When it comes to how we communicate, it’s interesting how much attention is paid to what we say.  We craft our words carefully, with nutty authors like me preaching to audiences about just how important these words can be.  However, when it comes to the emotional impact of your message, you might want to think twice about those words.

 

To prove this point, I’d like to remind you of a study done by Marshall McLuhan, a great Canadian educator, philosopher, and scholar.  McLuhan put together a study that focused on one critical point.  He tried to figure out what drives the emotional impact of our message.  In other words, what makes people believe us when we communicate.  In his study, he asked these questions:

 

“When it comes to the emotional impact of your message, what’s most important to you?”

  1. The words we use.
  2. The nonverbal cues including our hands, body language, and movement.
  3. Our facial expressions.  Although this is clearly a nonverbal cue, McLuhan felt it was potentially significant enough to command its own category.  His hunch was right.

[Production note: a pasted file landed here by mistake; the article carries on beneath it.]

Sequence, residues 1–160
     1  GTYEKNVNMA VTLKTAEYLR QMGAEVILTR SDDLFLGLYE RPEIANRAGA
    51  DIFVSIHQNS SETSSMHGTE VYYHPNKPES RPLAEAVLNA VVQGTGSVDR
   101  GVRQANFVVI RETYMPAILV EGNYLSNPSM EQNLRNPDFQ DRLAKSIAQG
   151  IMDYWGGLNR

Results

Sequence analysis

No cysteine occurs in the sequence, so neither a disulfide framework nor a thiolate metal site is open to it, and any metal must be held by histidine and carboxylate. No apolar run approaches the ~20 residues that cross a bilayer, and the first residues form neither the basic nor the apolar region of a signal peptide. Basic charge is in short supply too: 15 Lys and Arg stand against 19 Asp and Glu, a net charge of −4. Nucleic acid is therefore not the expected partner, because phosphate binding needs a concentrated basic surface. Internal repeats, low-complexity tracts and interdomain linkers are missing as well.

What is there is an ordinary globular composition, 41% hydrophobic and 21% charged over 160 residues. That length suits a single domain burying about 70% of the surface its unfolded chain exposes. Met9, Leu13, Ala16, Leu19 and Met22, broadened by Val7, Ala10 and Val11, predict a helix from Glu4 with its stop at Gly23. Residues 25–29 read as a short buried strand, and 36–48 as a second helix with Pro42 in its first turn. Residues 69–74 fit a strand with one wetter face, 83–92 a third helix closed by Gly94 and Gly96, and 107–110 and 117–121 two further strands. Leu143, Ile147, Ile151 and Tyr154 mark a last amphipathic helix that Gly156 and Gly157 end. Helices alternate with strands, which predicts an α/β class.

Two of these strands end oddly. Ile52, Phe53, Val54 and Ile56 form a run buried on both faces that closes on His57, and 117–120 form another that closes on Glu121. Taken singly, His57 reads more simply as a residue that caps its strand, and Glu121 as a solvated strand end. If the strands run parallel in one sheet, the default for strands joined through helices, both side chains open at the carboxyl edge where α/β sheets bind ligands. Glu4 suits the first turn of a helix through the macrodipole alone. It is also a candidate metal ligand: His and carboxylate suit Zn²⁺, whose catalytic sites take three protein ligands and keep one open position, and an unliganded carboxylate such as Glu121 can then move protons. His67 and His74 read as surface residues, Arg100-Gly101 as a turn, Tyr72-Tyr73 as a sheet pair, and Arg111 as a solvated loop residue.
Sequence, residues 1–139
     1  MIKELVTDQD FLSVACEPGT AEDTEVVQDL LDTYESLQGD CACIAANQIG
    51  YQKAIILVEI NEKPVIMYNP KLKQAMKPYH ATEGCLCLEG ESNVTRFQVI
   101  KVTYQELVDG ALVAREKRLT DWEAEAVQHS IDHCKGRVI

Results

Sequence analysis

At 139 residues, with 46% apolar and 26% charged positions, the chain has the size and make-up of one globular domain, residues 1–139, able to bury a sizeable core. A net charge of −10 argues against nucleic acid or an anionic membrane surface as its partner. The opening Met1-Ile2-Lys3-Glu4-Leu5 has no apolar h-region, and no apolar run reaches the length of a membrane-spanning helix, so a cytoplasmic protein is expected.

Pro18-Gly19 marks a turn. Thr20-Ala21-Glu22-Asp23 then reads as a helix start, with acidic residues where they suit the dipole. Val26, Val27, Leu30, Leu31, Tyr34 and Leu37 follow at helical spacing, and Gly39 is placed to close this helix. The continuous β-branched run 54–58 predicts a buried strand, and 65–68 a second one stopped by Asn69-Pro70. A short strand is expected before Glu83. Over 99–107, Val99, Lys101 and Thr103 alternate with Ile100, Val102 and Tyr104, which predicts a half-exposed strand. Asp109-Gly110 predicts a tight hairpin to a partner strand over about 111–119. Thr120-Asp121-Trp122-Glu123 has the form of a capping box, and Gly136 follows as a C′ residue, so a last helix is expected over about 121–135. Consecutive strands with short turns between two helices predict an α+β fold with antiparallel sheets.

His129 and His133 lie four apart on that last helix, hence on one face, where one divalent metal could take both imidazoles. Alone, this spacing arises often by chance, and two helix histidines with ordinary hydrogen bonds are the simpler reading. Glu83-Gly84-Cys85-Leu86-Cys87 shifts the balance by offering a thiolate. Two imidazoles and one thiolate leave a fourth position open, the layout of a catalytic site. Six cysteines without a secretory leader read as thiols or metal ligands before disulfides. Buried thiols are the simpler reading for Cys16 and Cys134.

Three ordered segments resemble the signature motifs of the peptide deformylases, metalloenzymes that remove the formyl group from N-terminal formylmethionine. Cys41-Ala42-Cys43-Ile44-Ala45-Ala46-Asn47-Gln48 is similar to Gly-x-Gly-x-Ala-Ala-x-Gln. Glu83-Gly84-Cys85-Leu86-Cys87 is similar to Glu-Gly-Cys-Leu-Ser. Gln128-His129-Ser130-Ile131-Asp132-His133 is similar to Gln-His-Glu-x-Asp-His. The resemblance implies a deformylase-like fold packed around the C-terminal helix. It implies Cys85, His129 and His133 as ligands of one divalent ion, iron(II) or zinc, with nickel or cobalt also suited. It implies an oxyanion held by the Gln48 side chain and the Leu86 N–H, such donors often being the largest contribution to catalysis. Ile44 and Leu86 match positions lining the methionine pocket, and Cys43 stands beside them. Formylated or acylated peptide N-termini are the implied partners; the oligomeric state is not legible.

Marshall McLuhan

 

The numbers were amazing:

  1. 7% of the emotional impact of your message comes from your words.
  2. 38% of the emotional impact of your message comes from your nonverbal cues.
  3. 55% of the emotional impact of your message comes from your facial expression!

 

When I look at these numbers it reminds me of two things.  Firstly, it reminds me how important it is that we not only focus on our words, but how we deliver these words.  We need to think about the empathy we might show in the delivery of these words.  We need to pay attention to not just the words, but the tune.

 

Secondly, it reminds me of a lesson my Dad reinforced on many occasions.  He would ask me to do something, and when I wasn’t quite as quick or genuine in my response as I should have been, responding with a “yeah… I’ll do it,” he would provide me with a rather dramatic and loud reminder that he wasn’t fooled by my answer.  When I would protest, and say, “I said I would do it,” he would fire back: “It’s not what you said, it’s how you said it!”

 

I wasn’t fooling anyone, and neither was my friend at the front desk in the hotel I was checking into this week.  Words are important, but those non-verbal cues are even more important than the words.  Smart man, that father of mine.

 

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